The balance of the album, including a few standouts.

All dozen tracks are well worth the download. Standouts include the unabashed directness and self-loathing alluded to in Let's Get Drunk And Get It On, the youthful exurberance of the barroom folk ditty This Is The Ballad, and the rock and roll swagger of The Ex Of All You See.

But along with those, give a listen to the brutally honest country rocker Wasted and barn burner track Nashville that opens with Miller leaving his wife and his old life for nothing more than the road. Like many of the tracks, it succeeds in sounding punk as much as alternative country rock, without too much overthinking or meticulous editing.

Even Intervention reinforces the idea that there is still some hope to be had after a lifetime of drinking and bad decisions. The fact you can chant that along with them from a barstool makes the whole of Most Messed Up all the more appealing. Somehow the Old 97's make it all sound fun and worrisome at the same time. They regret their choices but celebrate surviving them anyway.

Most Messed Up By The Old 97'S Rollicks 9.2 On The Liquid Hip Richter Scale.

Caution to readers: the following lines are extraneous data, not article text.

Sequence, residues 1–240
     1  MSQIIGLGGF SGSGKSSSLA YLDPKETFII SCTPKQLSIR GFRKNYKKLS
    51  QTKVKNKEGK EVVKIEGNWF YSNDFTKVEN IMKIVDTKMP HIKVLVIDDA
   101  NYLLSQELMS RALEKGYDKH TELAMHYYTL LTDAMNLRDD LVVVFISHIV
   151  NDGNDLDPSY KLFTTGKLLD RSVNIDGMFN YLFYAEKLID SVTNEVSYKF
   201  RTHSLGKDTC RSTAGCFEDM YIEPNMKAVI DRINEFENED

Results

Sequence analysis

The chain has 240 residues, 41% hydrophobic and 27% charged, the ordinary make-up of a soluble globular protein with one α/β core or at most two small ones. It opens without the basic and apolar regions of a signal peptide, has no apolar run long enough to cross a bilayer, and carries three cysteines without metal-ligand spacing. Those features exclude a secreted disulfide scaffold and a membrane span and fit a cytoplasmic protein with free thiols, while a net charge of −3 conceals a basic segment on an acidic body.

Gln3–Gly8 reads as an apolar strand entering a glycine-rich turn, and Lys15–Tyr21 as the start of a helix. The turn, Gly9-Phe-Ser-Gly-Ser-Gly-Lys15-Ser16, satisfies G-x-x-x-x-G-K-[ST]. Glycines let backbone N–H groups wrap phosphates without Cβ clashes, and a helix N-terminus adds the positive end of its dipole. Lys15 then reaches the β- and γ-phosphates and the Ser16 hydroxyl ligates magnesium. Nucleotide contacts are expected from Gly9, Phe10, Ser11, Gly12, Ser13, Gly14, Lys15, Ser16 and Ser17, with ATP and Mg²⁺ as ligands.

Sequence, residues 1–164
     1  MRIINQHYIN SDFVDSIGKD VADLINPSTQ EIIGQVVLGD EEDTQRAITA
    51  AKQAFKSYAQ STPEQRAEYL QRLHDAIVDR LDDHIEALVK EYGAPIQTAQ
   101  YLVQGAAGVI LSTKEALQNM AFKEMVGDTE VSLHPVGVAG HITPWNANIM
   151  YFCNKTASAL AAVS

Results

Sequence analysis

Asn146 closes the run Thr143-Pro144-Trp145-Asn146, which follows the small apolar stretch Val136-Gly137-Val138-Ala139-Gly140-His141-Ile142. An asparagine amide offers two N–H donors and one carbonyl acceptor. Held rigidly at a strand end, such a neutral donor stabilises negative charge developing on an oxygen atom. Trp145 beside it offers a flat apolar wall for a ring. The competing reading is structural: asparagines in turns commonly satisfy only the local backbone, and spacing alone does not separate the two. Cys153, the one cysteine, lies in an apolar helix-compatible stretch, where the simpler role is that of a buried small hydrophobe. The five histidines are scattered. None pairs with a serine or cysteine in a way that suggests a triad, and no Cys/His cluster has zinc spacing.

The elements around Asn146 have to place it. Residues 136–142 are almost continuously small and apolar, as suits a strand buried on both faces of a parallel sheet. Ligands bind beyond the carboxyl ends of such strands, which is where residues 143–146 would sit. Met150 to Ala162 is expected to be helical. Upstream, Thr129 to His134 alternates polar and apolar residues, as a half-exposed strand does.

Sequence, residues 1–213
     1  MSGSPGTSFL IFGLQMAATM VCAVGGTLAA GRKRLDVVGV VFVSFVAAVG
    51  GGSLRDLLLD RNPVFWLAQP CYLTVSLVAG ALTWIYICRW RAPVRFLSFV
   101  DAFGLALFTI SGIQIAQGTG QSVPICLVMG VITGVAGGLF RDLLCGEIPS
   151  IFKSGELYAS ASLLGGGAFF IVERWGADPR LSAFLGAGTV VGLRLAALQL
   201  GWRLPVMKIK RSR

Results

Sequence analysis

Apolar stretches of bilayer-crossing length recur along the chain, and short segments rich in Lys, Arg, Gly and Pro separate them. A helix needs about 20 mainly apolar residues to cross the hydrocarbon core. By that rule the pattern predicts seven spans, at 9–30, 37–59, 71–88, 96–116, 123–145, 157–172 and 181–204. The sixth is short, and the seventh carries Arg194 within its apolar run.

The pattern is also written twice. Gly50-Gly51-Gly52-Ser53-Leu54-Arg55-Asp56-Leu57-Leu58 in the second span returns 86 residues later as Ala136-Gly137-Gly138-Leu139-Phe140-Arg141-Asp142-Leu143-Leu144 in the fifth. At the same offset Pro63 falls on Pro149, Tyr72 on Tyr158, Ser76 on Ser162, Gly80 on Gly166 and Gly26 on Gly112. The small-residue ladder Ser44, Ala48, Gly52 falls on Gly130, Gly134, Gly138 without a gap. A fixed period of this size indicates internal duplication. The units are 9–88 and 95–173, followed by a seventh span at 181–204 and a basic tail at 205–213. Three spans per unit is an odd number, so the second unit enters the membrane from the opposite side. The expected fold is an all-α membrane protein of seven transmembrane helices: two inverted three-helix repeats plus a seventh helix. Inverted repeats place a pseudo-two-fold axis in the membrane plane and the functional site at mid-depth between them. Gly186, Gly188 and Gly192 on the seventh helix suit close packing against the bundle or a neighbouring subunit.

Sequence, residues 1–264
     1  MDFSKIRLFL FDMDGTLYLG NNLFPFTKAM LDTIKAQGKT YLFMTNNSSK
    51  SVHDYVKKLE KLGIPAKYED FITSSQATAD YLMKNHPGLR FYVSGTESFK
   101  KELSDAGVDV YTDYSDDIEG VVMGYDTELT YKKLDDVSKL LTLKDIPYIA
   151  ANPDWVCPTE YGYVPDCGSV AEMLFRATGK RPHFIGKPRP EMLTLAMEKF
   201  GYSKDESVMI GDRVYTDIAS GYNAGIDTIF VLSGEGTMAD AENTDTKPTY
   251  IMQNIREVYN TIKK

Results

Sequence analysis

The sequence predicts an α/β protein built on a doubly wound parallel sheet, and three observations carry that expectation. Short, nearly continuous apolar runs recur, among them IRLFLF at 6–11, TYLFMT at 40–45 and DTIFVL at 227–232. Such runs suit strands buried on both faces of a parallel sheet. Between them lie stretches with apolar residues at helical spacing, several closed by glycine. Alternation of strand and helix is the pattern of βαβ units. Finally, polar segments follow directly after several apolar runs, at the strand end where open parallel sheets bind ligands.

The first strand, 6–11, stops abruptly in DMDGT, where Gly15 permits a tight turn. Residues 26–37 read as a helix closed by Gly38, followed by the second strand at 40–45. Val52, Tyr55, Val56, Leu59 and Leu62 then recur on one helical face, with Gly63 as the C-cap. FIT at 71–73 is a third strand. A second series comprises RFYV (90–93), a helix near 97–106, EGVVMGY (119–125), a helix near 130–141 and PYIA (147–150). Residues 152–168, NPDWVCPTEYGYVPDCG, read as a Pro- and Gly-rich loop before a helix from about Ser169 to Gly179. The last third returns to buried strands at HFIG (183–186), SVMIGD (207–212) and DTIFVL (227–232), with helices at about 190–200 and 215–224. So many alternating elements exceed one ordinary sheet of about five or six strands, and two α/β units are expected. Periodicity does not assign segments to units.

While some fans might not like to think of this as the band's best album, there is something about it that immediately clicks as a classic best played live on the smallest stage possible. Even the track Wheels Off has a beautifully unbalanced bounce to it that fits well within an alternative rock catalog.

You can find Most Messed Up [+digital booklet] by the Old 97's on Amazon or download it from iTunes. The album, Most Messed Up by the Old 97's, is also on Barnes & Noble. The Old 97's are touring the West Coast before heading east. Check their current schedule on Facebook.

Tuesday, May 6, 2014

Blue Ruin Is A Darkly Entertaining Film

Blue Ruin
Blue Ruin comes across as a classic American revenge story, but the stripped-down and smartly produced script satisfies contemporary appetites. It is also one of the finest indie flicks that will be released this year, propelled by a well-told slow-burn story and several breakout performances.

The most memorable aspect of the film isn't in the revenge or the bloodshed spilled in its telling. It comes from the steady transformation of a down-and-out vagabond into an inexperienced and reluctant killer and then again into a clear-headed peacemaker who wants the senselessness to end.